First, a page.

The NCAA has passed legislation adding the National Invitational Volleyball Championship as a permanent season-ending event for volleyball – Triple Crown Sports brought the event back to life in 2017 and has seen the programs from Ole Miss, Iowa State, Georgia Tech and UNLV claim an NIVC title. The 2022 event will launch with selection night on Nov. 27, with the championship match slated for Dec. 12 or 13.
By Kyle Koso
With more than 20 years in as a D-I volleyball coach, Carin Avery understands how to pivot when her team must adjust to new information.
A perfect example is how her Valparaiso team rebounded from a tough loss in a Missouri Valley Conference tournament semifinal last season, accepting a bid to the National Invitational Volleyball Championships and making a dominating run to the final match before falling just short to eventual champion UNLV.
Avery’s ability to remake and remodel the vision for the Beacons continues in 2022, as Valpo is working with undersized outside hitters, a freshman libero, and a reliance on depth in comparison to the 2021 roster which had a significantly tighter rotation. Early returns are promising – the Beacons won last weekend’s season-opening tournament at Youngstown State, going 3-0 with 5-foot-9 hitters Bella Ravotto and Elise Swistek (MVP) earning all-tourney honors, along with that new libero, Emma Hickey.
Hickey is replacing five-year force Rylee Cookerly, who wrapped up her Valpo run with the second-highest total of digs in NCAA D-I history. Avery, however, saw Plan B on this topic sort itself out long ago.
“I’ve known (Hickey) and her family – they’re from my hometown (Granger, IN) – I’ve seen that kid play since elementary school,” said Avery, whose team was 26-10 last year and who signed a contract extension this offseason. “I’ve wanted her here the last five, six or seven years. The COVID season ended up working perfectly (extending Cookerly's career), and Emma could come in now as a freshman. She’s a gamer, and in practice no matter what side you put her on, she’s a winner. It’s so important, that position, but I had no worries when Rylee left.”
Offensively, Ravotto (a senior) and Swistek (sophomore) are being asked to provide punch after Valpo graduated its two leading terminal hitters from a year ago, Peyton McCarthy and Haley Hart. Jumping into that task as well are seniors Kara Cooper and Maddy Boyer, with setters Abby Kois (redshirt freshman) and Victoria Bulmahn (junior) capably steering the attack.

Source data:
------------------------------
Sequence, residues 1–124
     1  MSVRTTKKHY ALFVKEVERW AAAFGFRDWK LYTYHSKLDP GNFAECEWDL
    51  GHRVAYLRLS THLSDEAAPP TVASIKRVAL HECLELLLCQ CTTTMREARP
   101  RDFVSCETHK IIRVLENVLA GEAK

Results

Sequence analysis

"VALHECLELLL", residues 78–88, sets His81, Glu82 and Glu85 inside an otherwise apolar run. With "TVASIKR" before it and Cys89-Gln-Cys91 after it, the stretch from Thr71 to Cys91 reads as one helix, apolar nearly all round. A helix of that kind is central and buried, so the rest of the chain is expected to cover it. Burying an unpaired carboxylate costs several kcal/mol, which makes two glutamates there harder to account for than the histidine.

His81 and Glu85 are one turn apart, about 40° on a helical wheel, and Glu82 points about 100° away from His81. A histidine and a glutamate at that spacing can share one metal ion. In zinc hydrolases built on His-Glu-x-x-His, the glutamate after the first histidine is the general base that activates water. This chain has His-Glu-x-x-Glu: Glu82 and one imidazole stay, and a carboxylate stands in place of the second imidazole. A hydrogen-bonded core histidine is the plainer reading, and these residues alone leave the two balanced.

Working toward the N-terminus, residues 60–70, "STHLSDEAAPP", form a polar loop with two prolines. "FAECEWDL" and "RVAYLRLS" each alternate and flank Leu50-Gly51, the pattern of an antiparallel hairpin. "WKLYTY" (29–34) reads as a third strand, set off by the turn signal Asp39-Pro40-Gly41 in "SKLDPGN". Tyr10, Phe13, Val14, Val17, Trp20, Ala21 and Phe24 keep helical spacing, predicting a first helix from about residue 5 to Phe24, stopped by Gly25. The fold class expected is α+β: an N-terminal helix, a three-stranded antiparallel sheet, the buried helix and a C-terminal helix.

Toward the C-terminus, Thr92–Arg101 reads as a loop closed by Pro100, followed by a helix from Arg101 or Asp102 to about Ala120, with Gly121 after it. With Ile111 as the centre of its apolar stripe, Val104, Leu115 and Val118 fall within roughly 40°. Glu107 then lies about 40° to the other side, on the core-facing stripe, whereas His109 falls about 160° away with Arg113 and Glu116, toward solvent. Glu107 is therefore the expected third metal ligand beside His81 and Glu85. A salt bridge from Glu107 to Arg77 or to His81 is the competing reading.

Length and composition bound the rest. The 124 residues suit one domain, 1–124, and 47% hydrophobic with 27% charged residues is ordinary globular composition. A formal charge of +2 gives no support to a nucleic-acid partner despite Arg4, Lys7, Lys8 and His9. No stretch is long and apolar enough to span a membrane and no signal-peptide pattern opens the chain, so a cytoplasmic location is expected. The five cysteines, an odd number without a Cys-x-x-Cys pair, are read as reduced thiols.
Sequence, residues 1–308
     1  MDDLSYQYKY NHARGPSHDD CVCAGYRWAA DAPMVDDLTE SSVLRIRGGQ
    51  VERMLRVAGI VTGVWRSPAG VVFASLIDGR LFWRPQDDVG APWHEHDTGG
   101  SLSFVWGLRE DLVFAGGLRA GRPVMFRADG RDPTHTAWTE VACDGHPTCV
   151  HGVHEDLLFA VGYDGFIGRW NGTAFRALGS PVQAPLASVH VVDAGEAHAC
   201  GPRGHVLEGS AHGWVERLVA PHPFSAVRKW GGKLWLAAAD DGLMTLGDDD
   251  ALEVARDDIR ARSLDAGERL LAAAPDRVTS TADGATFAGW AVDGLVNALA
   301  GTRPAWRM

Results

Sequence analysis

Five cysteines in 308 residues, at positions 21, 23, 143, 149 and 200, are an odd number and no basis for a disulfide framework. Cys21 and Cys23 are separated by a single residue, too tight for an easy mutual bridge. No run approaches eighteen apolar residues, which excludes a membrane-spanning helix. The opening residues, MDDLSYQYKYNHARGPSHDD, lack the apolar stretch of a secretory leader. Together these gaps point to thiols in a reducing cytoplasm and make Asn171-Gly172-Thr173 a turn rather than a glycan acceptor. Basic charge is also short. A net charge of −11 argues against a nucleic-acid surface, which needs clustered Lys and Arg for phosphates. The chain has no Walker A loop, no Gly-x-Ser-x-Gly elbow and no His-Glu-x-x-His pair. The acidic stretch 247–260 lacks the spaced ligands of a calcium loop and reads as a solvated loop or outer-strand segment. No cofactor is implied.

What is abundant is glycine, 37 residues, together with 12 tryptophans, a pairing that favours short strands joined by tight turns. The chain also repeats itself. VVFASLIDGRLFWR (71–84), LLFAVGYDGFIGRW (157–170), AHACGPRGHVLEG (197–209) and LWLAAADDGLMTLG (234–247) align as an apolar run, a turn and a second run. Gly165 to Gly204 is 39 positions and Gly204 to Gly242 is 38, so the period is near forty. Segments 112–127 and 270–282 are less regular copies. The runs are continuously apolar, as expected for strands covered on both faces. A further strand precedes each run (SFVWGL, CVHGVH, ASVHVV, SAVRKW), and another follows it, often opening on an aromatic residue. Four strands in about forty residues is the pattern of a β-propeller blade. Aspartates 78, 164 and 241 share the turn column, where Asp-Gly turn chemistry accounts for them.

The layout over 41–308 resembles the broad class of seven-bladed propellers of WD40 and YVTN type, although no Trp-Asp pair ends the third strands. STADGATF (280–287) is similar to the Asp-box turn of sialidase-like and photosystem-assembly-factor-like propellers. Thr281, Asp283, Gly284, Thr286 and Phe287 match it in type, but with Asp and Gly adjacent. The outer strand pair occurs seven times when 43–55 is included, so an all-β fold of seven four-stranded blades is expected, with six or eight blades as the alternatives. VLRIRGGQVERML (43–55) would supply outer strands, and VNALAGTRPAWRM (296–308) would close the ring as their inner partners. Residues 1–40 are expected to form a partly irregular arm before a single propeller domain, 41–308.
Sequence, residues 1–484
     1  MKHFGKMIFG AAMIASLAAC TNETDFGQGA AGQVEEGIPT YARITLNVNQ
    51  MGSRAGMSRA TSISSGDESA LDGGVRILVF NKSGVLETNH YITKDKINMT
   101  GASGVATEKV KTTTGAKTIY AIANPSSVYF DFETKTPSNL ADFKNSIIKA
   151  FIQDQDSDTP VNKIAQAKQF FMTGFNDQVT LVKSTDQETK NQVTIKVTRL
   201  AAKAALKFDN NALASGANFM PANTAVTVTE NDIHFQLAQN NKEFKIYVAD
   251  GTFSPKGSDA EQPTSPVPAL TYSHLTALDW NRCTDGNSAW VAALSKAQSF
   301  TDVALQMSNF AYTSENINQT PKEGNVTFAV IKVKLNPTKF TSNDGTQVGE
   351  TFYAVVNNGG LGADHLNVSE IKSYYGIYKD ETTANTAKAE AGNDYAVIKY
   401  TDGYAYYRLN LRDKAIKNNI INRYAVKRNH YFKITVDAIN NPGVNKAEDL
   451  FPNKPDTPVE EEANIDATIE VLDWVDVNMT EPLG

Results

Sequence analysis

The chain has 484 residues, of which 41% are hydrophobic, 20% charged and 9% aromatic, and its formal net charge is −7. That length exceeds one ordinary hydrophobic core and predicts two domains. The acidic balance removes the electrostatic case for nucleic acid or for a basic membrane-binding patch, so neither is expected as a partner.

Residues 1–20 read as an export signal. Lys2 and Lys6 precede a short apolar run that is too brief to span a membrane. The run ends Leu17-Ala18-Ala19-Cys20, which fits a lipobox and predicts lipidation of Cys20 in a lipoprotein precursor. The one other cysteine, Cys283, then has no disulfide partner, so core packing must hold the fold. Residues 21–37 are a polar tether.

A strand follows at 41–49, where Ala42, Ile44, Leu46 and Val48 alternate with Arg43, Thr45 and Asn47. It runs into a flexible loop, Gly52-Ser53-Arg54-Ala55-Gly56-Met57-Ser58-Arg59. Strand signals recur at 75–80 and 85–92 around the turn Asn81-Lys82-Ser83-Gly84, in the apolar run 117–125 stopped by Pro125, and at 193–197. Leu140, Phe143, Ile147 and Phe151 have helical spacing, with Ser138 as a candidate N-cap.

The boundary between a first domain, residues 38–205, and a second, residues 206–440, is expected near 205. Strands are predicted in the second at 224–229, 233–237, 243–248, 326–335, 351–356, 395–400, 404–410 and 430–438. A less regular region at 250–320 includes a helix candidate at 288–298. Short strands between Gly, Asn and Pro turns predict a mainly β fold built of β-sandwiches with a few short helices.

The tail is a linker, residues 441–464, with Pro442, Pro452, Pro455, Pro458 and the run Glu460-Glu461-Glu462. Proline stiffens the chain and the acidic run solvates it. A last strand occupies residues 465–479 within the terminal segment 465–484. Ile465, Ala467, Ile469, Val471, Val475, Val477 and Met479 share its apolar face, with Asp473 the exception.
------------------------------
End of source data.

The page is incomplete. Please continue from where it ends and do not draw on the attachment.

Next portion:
“The majority of offense was coming from (Hart and McCarthy) last year, so it’s a big void,” Avery said. “How we decided to go forward is spreading out the offense – that was the goal in the spring. Our two outside hitters made the all-tournament team and hit phenomenally -- we are a very different looking team. We have a lot of depth and showed it first weekend, a ton of people in a ton of different positions – knowing we have that, it can help set us apart. Last year, we ran with the top seven or eight and just didn’t have much depth.”
Valparaiso now focuses on hosting a tournament on the Beacons campus for this first time since 2018, Sept. 2-3, featuring SIU-Edwardsville, Campbell and Northern Illinois.
“We are excited for the home tournament. We traveled five weekends in a row last year, and that’s a lot of wear and tear,” Avery added. “We are hoping that being home will help us for this and also moving forward. We are excited to see what kind of crowd we are going to get after that NIVC run.”
ON THE NIVC – Valparaiso played in the 2018 NIVC, winning two matches to reach the quarterfinals. In 2021, the Beacons were working toward an NCAA tourney bid but lost in five sets to Loyola in the MVC semifinals, but they were eager to use the NIVC setting to make the most of the rest of the season.
Valpo won four matches in straight sets, including a semifinal win over UConn, and continued to bid to secure matches at home. For the final against UNLV, a crowd of 2,220 came out to support the Beacons.
“It was such a bummer, losing 15-13 in the conference tournament. It was heart-breaking with the seniors, but I was proud of them for still wanting to compete,” Avery said. “We were very excited about the opportunity of the NIVC, even if it wasn’t the NCAA. Hosting it was a huge bonus; the first weekend was a decent crowd but over time, our student body and hometown really came out and supported us. That was the the most amazing experience, the semifinal and final, how the crowds came out. I think both UConn and UNLV would have told anyone that was a championship-feel weekend for the teams. It really was an amazing experience, one we will cherish forever.”